When we checked into the Fitzwilliam Hotel on St. Stephen’s Green, we got the dreaded, “your room isn’t ready yet,” so we had some time to kill. Ironically, KP had been commenting on how little he had seen or heard of U2 since arriving in Ireland. No sooner did he say that than we passed The Little Museum of Dublin with this banner on display:

U2 1978 - 1981 at The Little Museum of Dublin

Naturally there was no question. In we went. Happily paid the 5 EUR fee per person and took in two rooms full of U2 photographs by Patrick Brocklebank.

U2 1978 - 1981

Getting a glimpse of their early days was pretty cool. It’s amazing that they’ve been together for as long as they have. After all, they’ve been a band for just about as long as I’ve been alive.

Some of the photos were pretty funny — Adam Clayton with acne, Bono wearing rather girly heeled boots and so on.

U2 1978 - 1981

The rest of the museum is great, too. Dublin is displayed in decades. Artifacts representative of a specific decade, provided to the museum by individuals, are displayed together in a collage-like fashion. It’s a museum of the people and for the people, they say. And for a non-native who doesn’t know too terribly much about Dublin, it’s really informative but in an atypical museum kind of way.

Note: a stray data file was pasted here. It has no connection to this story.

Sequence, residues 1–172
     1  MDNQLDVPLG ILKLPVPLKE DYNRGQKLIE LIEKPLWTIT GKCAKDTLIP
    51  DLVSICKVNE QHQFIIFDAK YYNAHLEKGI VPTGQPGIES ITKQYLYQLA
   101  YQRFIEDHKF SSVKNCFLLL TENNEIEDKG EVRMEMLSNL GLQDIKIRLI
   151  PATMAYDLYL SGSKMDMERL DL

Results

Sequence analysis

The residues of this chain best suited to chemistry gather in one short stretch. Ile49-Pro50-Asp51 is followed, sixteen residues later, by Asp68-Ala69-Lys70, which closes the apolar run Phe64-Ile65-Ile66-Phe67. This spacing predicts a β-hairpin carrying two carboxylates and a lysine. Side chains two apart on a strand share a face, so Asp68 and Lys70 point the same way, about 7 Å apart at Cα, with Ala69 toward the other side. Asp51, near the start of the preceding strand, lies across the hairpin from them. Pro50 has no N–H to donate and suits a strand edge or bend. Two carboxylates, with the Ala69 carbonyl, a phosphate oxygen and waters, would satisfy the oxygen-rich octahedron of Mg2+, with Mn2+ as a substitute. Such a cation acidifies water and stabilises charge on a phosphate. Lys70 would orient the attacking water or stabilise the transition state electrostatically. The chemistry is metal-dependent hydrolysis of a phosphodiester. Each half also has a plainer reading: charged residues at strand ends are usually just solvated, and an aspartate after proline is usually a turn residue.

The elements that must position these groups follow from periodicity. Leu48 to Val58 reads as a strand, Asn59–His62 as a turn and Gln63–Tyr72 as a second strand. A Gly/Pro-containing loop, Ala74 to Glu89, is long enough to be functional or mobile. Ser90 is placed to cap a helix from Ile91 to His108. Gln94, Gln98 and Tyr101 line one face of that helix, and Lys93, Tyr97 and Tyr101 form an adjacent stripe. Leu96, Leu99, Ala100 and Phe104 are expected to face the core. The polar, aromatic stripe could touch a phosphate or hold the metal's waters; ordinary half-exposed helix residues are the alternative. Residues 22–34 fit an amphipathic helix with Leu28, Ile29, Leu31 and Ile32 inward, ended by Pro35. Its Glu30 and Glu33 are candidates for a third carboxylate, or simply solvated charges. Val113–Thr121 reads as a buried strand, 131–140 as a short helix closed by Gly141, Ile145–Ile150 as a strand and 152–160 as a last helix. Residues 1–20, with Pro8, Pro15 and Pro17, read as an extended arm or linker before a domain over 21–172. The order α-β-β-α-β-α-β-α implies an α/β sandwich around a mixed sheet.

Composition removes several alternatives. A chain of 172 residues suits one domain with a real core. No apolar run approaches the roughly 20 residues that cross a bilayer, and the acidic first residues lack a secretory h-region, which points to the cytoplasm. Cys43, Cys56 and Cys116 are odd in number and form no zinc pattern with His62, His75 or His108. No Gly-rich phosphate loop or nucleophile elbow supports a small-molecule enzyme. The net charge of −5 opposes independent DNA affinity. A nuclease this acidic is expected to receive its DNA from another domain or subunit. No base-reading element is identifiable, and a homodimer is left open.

The Little Museum of Dublin

It only takes up one floor so far, but it only opened last year so I imagine as they gather more pieces it will expand. That said, the display is quite impressive already. And there are a few U.S.-centric items that were fun to see, like a thank you letter that Bill Clinton wrote to the city in 1996 for the enjoyable visit he had here, and the podium from which John F. Kennedy spoke to the government here in 1963.

The Great Ireland Heatwave of 2012

Goodbye, Castelmartyr. Hello, west coast.

We checked out of the beautiful Castlemartyr Resort — begrudgingly — and headed northwest to Galway. Listening to the radio in the car, we were treated to some serious comedy. It was some morning radio show and the DJs were going on and on about the uncharacteristically gorgeous weather. A woman then called in and proclaimed that she was taking her kids out of school for the day so that they could enjoy the sunshine; and then other parents called in saying the same. The DJs were justifying the callers’ decisions because they simply don’t get sunny days here. Then they went on to poke fun at themselves, saying how their pasty white freckled complexions needed some pigment and so on. Staying home for a snow day, sure. But the concept of staying out of school because it’s sunny? Apparently somewhat commonplace here!